Thursday, 19 April 2018

BLOG TOUR: Rebellious Spirits - Ruth Ball

I reviewed the beautiful hardback of Rebellious Spirits in 2016 and you can read my review here.  I'm absolutely over the moon to open the paperback blog tour with an extract on how to make your own bootleg gin and a fabulous giveaway (UK only) to win your own copy of this excellent book.  I'd love to have a go at distilling my own alcohol although 20 gallons (just shy of an eye-watering 91 litres!!!) is a bit too much for me so I think I'll stick to the pre-bottled version of mother's ruin.





Bootleg Gin Extract – taken from Rebellious Spirits by Ruth Ball

With illegal gin sold from under a stranger’s skirt, you couldn’t be sure what you were getting. Gins had fancy names like White Satin, Blue Ruin, Cuckold’s Delight, King Theodore of Corsica, Flashes of Lightning or The Cure for the Blue Devils, but they were usually more turpentine than juniper. Even the less dodgy recipes for gin – those involving real juniper – were full of toxic ingredients. They were used in all kinds of food and drink at the time because their toxic properties just weren’t known. It wouldn’t be safe to try a truly authentic recipe for bootleg gin, but I have managed to put together a cocktail that should give you some idea of the taste without any of the nasty side effects.

BOOTLEG GIN: THE ORIGINAL
For twenty gallons of gin
Seventeen gallons of spirits one to five under proof. Take one penny-weight and three quarters of the oil of vitriol, one penny-weight and three quarters of the oil of almonds, half a penny-weight of the oil of turpentine, two penny-weights of the oil of juniper berries, mixed with lump sugar and spirits of wine, as before; add to it one pint of lime-water, and one pint of rose-water; use the whole. After you dissolve five pounds of lump sugar, in two gallons and a half of water that was boiled, as before directed, fine it down with the proportioned quantity of allum and salt of tartar.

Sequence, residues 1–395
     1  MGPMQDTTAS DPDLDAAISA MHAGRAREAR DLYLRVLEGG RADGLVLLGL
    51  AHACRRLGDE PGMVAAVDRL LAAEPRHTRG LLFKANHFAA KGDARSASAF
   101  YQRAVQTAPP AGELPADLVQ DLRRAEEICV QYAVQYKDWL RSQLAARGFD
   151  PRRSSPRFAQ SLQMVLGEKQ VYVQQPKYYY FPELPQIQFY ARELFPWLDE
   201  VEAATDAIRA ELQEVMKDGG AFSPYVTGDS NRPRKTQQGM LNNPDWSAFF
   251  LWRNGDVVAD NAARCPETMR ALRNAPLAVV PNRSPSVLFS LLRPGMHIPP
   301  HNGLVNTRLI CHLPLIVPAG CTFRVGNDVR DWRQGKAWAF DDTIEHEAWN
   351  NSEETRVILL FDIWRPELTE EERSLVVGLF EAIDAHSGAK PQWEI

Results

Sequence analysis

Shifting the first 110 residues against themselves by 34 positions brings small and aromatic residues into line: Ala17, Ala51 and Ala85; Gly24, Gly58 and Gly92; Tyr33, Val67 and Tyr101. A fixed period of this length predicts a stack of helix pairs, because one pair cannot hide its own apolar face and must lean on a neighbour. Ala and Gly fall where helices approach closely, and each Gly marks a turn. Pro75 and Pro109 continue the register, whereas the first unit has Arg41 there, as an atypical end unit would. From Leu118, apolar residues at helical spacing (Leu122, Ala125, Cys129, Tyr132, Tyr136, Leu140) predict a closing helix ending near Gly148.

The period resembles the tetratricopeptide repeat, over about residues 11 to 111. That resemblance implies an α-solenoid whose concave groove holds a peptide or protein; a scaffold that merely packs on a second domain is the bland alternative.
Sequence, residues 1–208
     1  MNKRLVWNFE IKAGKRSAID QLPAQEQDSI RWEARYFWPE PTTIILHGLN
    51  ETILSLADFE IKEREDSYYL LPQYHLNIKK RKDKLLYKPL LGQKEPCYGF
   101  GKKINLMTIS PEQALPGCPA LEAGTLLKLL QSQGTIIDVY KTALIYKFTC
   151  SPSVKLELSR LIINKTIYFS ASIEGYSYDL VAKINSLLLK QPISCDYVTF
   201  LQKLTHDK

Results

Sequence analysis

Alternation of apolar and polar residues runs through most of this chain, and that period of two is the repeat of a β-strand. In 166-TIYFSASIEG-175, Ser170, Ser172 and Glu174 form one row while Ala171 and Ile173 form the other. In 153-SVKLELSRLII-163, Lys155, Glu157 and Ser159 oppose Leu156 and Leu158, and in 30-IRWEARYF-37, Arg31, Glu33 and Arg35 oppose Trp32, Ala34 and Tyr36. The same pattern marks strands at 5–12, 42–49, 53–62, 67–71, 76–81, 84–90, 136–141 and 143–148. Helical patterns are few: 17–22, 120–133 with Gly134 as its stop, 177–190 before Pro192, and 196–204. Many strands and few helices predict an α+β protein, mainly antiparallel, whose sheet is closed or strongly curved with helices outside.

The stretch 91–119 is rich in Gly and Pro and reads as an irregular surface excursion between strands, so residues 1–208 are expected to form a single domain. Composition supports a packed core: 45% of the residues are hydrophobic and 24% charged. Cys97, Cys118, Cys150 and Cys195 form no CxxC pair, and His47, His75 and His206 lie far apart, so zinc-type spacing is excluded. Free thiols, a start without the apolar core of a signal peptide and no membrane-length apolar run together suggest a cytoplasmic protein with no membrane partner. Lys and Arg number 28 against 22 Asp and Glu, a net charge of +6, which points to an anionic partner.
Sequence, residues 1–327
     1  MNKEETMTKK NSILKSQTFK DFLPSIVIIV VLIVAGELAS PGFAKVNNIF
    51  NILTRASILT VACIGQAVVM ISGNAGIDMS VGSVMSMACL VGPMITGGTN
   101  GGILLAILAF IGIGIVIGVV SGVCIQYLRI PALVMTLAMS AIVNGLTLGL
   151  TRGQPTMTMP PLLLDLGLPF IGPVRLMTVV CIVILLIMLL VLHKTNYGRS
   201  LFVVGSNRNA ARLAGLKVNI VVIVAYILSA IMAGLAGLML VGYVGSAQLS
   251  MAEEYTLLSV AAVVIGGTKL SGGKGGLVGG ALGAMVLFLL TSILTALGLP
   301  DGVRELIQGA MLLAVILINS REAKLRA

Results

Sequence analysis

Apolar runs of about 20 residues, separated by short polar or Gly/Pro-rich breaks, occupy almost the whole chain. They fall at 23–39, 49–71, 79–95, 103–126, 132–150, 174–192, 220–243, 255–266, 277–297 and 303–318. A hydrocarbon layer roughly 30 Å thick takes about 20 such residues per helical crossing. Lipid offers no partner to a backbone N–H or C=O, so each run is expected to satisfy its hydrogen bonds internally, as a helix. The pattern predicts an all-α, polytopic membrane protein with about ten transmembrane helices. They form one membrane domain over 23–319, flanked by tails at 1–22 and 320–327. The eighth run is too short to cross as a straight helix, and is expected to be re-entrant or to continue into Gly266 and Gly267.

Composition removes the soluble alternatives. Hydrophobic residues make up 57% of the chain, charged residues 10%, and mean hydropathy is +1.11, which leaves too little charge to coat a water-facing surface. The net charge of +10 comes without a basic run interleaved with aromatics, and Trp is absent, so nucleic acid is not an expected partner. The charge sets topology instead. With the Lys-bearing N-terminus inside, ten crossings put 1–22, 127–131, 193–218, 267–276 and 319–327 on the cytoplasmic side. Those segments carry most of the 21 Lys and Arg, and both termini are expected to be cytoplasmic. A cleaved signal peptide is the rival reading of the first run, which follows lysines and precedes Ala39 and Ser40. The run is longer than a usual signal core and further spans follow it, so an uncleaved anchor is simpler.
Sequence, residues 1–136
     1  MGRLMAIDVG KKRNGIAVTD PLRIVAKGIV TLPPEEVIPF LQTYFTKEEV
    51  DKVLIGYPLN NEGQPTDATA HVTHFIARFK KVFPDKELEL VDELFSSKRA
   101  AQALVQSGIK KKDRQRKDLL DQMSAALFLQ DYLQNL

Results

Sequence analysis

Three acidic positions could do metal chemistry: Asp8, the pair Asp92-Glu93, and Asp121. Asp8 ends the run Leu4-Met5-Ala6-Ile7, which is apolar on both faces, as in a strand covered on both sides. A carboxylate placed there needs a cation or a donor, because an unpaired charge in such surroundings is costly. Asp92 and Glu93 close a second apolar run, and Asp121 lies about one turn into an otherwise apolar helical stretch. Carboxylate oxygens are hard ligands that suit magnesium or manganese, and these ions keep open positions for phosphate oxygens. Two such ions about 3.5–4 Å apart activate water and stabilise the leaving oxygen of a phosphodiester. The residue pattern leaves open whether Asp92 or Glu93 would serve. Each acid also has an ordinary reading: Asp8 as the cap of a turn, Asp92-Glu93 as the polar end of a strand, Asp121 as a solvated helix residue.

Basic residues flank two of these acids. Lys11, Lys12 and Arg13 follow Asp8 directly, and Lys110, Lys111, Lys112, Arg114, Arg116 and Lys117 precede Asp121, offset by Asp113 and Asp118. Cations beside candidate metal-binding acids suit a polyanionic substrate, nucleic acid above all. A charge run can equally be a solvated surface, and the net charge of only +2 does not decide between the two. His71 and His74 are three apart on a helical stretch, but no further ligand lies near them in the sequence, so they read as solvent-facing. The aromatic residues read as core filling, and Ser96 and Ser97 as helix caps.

P. Boyle, The Publican and Spirit Dealer’s Daily Companion (Sixth Edition, c. 1800)

THE ALCHEMIST’S VERSION
1 part vodka
½ part retsina
¼ part amaretto
¼ part neat sugar syrup
part rosewater
½ part water
1–2 drops of juniper oil

Simply mix and serve. But how? With tonic? While this gin would be really lovely with tonic, that wouldn’t be authentic. Tonic wouldn’t be introduced to Britain for more than another hundred years; so while you could drink it with tonic, it would be a little like going to a re-enactment wearing a digital watch. Chilled or with ice? Although this gin would also be excellent shaken over ice with a splash of vermouth and served in a well-chilled Martini glass, historical authenticity will not allow.

Drink it the authentic way. Just add a little water and drink at room/street temperature. If possible, try to throw some mud at an MP, or anyone who looks like they might be rich or important, at the same time. That’s the eighteenth-century way!


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If you like the sound of this book (and who wouldn't?), you can click HERE to buy a copy from Amazon or enter my giveaway to be in with the chance of winning a copy - you've got to be in it to win it!



GIVEAWAY

Win a paperback copy of Rebellious Spirits by Ruth Ball courtesy of Elliott & Thompson.  The giveaway is open to entrants in the UK only and is open for 3 days from 19th April 2018 to midnight on 21st April 2018.  One winner will be chosen at random and contacted via email on 22nd April 2018.  If the prize is not claimed within 48 hours, another winner will be chosen.  GOOD LUCK!




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2 comments:

  1. My favourites are amaretto and brandy together. Sometimes I add a bit of in my cappuccino 😀

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    Replies
    1. Oooh Leila, that sounds naughty but nice!

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